4. Medicare. Medicare is the federal health insurance program that is available to people 65 and over. It provides limited, short-term coverage of some costs associated with long-term care. This is a very limited option, and will not cover anything but the most minimal long-term care.
  5. Aid & Attendance Pension for Veterans. For qualified veterans, this can be one option for covering at least a portion of your long-term care needs. However, the qualifications and limitations are complex, and figuring out how to navigate this option with Medicaid is tricky.
  6. Medicaid. Medicaid is the government’s medical welfare program, and it pays for a full 50% of the nursing home costs of Americans. Medicaid is a federal and state partnership that steps in to pay for medical and long-term health care expenses when most of a person’s wealth has been depleted. It’s “means tested” and is supposed to be available only when no assets are available from any other source. The Medicaid program in Arizona for long-term care is called the Arizona Long Term Care System, abbreviated as ALTCS (pronounced “ALTECS”).

Michael Gerity can assist you with planning for your long-term care needs and help you to navigate your way through the confusing maze of options to pay for that care.

Medicaid/ALTCS Planning

If you are like 50% of Americans, you are likely going to end up relying upon Medicaid (ALTCS in Arizona) to pay for at least some of your long-term care needs. Medicaid won’t provide coverage until you meet a set of strict financial requirements, because ALTCS is designed to help people with low income and few resources. Unfortunately, far too many people “plan” for Medicaid eligibility by spending down all of their money, or by trying to give away their property. Please don’t do anything like this before you consult with an experienced elder law attorney!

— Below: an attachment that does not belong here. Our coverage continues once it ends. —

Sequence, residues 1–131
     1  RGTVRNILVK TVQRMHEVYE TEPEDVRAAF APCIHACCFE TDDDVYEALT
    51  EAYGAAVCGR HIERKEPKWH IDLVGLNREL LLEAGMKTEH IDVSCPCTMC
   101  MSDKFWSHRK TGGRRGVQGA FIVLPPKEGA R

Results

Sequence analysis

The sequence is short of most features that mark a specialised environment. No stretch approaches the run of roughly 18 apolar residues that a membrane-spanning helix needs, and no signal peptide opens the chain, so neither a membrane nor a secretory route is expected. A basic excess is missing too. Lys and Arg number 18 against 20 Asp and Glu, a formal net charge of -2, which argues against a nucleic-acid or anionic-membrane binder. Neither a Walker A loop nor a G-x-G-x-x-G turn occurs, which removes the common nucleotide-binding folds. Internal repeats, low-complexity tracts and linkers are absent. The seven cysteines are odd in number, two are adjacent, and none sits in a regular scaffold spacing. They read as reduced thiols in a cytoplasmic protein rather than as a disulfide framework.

You don’t have to spend all of your money to become eligible for ALTCS, and giving away your property will just end up making you ineligible for coverage for a period of time. Instead, meet with Michael Gerity and he will help you to create a comprehensive Medicaid plan. This involves structuring ownership of assets appropriately and making strategic transfers of assets so the money and property are not considered when determining whether you can qualify for Medicaid.

The sooner you create your Medicaid plan, the more assets you can protect. Medicaid looks back five years from the time you apply for coverage to determine if you have transferred assets, and a transfer of money or property can trigger a period of disqualification. If you have made your plans well in advance of needing nursing home care, this will not be a concern. This is one big reason why it is beneficial for young people to talk with elder law attorneys and make their plans well before they reach their golden years. Of course, if you were not able to plan well in advance of needing long-term care, we can still help you to preserve at least some of your assets.

Israel & Gerity provides comprehensive advice and planning to people of all ages on a wide range of elder law issues, including Medicaid/ALTCS planning. Give us a call so that we can start the planning process so that you and your family will not have to worry about your future care needs.

In response to recent COVID-19 concerns, we remain open, but we are writing to assure our clients that we are taking recommended precautions. Contact Us